Birmingham city guide: How to spend a weekend in the UK’s second city

Forget everything you thought you knew about Brum – explore this cool, contemporary city with our ultimate 48-hour guide

Julie Zhang
Wednesday 03 April 2019 14:59

Why go now?

Hurtling along at top speed on a hamster wheel of regeneration, Birmingham is constantly pulling out new attractions that make it a worthy weekend destination. Long regarded as a drab place and teased relentlessly for producing a singsong accent, today’s fast-evolving Brum will surprise you with its innovative, eye-popping modern architecture and new attractions that infuse contemporary flair into the city’s industrial character. And you won’t go hungry, either: from diverse street food and proper curries to beautiful Michelin-starred nosh, Brum’s gastronomic offerings are sure to give you eyes bigger than your belly.

Get your bearings

Many of the top attractions, new developments and shopping hotspots in Birmingham are clustered within easy walking distance of each other and the central transport hub, New Street Station (1). The historic Jewellery Quarter (2) in the northeast portion of the centre is replete with architectural gems (pun intended) from Birmingham’s industrial past, and the area is thought to produce 40 per cent of all British jewellery. To the west, canals find a sophisticated neighbour in the Brindleyplace (3) development. For a more creative, arty vibe, head to Digbeth (4) and its Custard Factory where arts, street food and live music collide. South of the centre, you’ll find impressive green spaces to relax in like Cannon Hill Park (5) and the Botanical Gardens (6).

Day one

Take a hike

Start at the ultra square, love-it-or-hate building called The Cube (7). Cross over the bridge to Gas Street Basin (8), and keep along the towpath to stroll past moored narrowboats. Nip under the arch of Broad Street Tunnel, and continue on to Birmingham City Centre Path (9). Turn left when you hit the Pitcher & Piano (10) to explore the streets and squares of the masterfully redeveloped Brindleyplace (3), where relaxed eateries sit alongside the award-winning Ikon Gallery (11), and rows of blossom trees that shroud the Japanese-inspired Oozells Square (12) in pink during springtime.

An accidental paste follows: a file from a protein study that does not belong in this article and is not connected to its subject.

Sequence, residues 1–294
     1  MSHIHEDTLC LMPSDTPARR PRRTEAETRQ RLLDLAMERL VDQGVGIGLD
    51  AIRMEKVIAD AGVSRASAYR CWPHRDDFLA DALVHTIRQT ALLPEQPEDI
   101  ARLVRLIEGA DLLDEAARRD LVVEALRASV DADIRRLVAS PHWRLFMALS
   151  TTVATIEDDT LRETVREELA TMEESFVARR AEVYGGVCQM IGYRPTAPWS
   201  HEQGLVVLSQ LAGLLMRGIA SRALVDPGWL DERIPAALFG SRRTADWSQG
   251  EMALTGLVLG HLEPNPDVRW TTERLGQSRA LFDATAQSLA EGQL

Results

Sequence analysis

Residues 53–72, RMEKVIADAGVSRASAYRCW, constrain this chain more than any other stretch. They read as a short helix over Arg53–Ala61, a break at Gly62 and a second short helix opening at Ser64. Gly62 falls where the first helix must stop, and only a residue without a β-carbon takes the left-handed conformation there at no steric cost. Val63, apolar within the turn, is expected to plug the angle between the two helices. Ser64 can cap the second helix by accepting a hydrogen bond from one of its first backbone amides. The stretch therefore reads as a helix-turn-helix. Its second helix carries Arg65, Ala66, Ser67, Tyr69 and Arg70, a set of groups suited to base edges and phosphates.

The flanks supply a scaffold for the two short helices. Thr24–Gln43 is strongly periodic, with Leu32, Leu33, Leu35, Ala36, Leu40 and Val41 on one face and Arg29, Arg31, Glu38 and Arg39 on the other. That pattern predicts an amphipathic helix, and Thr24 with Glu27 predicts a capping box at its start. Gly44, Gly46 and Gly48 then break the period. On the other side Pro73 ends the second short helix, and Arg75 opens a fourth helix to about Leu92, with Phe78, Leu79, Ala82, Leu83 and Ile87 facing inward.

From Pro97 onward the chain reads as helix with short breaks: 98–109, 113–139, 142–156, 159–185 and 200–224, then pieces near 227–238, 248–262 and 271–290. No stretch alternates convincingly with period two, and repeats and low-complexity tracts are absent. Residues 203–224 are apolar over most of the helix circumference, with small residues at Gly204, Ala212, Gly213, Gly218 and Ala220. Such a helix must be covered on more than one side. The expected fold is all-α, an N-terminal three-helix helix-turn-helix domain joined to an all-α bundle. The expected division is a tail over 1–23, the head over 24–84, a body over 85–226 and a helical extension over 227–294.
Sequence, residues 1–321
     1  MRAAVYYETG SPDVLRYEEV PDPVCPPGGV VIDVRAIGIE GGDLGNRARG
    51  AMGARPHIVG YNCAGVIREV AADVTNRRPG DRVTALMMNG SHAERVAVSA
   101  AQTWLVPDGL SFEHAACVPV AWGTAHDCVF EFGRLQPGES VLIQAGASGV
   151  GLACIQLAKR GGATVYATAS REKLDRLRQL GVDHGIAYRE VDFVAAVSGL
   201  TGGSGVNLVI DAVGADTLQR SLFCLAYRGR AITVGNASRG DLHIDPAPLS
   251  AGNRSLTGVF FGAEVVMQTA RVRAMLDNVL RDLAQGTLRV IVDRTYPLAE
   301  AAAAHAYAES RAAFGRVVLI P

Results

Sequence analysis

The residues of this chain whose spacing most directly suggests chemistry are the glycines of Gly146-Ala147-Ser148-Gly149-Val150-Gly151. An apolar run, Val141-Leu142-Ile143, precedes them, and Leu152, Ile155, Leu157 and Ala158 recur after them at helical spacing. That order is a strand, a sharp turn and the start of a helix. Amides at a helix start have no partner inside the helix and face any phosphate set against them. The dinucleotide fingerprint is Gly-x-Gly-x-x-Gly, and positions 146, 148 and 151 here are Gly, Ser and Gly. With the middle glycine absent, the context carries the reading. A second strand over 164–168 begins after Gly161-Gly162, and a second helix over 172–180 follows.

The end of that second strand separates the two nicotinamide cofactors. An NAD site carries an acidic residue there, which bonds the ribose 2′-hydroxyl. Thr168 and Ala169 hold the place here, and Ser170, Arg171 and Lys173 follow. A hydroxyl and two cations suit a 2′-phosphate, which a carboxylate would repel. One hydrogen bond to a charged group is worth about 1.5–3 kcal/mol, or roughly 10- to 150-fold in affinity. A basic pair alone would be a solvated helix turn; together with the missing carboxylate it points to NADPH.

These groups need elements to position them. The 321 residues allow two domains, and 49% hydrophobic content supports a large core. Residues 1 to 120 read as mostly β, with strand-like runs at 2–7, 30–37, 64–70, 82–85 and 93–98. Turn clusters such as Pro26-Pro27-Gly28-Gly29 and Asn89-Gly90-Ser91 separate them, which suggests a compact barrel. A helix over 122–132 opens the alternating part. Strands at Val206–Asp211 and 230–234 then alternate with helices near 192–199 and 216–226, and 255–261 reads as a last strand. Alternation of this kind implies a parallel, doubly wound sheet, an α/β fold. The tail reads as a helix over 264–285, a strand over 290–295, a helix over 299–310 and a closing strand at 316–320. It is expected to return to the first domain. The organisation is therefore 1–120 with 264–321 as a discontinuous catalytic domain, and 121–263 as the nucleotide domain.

Return to the canalside path, then cross the canal via the suspension bridge (13). Walk straight through the ICC (14) into Centenary Square, where you’ll be confronted by the Library of Birmingham (15) – a bold and blocky modern affair with yellow tiers and a lacy metal shell. Cross Paradise Circus Queensway via the walkway, bearing right and then left onto Fletchers Walk (16). Spot the neoclassical columns of Birmingham Town Hall (17) ahead, then wander behind it to enter Victoria Square, home to the Birmingham Museum and Art Gallery (18). Keep heading northeast onto Colmore Row (19), and eventually you’ll hit St Phillip’s Cathedral and square (20).

Lunch on the run

With its exposed brick walls and caged Edison bulbs, 200 Degrees (21) ( on Colmore Row exemplifies Birmingham’s burgeoning indie coffee culture. They’re so serious about coffee that there’s even a barista school in the basement. Head in at lunchtime for expertly crafted brews and chunky gourmet sandwiches with inventive fillings like roasted broccoli, coffee-rubbed sweet potato, and Stilton with prosciutto (£4.95 each).

Birmingham’s refurbished New Street Station (Getty Images)

Window shopping

Find everything and the kitchen sink in the neighbouring Bullring (22), Mailbox (23) and Grand Central (24) shopping centres. These complexes cover all of the popular high street stores, and the Bullring also hosts Selfridges in a futuristic, disc-clad building. Independent boutiques line the charming Great Western Arcade (25) nearby. Be tempted by the cheerful, handcrafted macaroons from Miss Macaroon (, and if cheese is your vice, have a good nosy at the well-stocked cabinets in Anderson & Hill (

An aperitif

A short stroll away from the main shopping area leads you to the bright orange façade of Island Bar (26) ( on Suffolk Street. Locals love this tropical, rum-heavy paradise of the West Midlands, where bartenders skillfully mix more than 70 varieties of the pirate’s favourite tipple into classics such as the Mai Tai (£7) and house specialties like the Polynesian Girl (£6). Pop in from 5-8pm to enjoy a wide range of cocktails at the happy hour price of £4.50.